But back to people who really do exist, and not just in a fictitious village south by south-west of Birmingham. Our friends Liam & Suzie, Jim & Debs, and Ross & Jenny are all counting down to when they go from being two alone to three together. Our love and best wishes go out to all of them. And to Pip & Toby too, what the hell.

Simply Red - For Your Babies

Tuesday, 16 January 2018

The faintest ink is better than the best memory

The older I get the more I write things down - I always carry a pad and pen; a pen, anyway (you can write more on a napkin or beer mat than you'd think). And I always have my camera with me wherever I go - so much better than a phone. I like to record things. Words and pictures. Hence this blog, I guess.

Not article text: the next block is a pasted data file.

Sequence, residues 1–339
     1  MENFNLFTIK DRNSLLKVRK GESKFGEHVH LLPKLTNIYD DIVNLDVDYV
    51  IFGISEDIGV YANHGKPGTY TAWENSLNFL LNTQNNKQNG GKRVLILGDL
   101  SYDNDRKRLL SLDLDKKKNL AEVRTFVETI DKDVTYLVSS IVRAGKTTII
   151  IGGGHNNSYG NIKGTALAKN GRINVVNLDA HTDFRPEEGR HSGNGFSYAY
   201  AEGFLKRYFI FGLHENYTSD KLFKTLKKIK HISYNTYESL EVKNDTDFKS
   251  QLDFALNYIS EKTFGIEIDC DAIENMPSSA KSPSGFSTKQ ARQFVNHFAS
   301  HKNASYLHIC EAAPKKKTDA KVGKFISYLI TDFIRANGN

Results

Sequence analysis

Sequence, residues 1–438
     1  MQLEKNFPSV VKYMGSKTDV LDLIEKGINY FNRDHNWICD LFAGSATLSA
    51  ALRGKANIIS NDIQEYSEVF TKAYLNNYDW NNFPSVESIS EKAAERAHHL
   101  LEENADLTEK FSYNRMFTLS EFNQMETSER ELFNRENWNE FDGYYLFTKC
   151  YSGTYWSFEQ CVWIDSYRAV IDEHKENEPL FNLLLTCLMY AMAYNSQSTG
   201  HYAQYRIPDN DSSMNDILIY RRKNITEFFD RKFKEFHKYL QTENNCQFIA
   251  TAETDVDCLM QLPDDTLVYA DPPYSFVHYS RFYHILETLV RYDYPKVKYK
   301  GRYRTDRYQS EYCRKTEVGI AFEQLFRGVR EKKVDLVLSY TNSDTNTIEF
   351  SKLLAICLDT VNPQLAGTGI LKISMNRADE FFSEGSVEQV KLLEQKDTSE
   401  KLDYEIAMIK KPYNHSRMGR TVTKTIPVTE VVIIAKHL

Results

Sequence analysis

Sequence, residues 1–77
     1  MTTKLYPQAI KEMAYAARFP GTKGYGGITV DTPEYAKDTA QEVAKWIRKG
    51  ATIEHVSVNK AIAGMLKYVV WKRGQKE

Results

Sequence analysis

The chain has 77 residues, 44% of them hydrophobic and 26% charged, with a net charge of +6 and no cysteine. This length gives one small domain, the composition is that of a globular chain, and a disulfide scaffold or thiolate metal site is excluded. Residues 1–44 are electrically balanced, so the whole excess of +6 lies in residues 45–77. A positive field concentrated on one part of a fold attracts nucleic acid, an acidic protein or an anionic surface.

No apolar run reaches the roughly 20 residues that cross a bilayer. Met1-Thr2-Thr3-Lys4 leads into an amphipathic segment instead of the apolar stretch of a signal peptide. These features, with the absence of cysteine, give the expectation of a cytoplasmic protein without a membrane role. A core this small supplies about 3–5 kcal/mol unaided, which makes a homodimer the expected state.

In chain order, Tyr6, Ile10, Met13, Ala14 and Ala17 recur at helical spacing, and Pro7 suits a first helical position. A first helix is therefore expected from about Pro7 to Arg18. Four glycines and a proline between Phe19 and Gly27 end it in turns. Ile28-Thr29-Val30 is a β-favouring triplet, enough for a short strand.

But do I fear for my memory? Am I getting more forgetful? Maybe I am, maybe I'm not. Let's put it this way, if I was running a bath I wouldn't trust myself to turn the taps on, leave the room and come back five minutes later. Is that normal? Who knows. My mind wanders, that much I do know.

When my dad came over for my birthday recently I had a nightmare flash forward, a vision of me in 25 years. James was here at the same time and he probably looked at me and thought the exact same thing. In fact I know he did - we spoke about it. And had a laugh about it. I do remember that.

Saturday, 13 January 2018

Two sides to every story

I love unsung heroes. Especially in the music biz. Those foot soldiers who are quite prepared to sit in the wings while others, more worthy or (often) not, receive the plaudits. One such hero is Phil Wainman.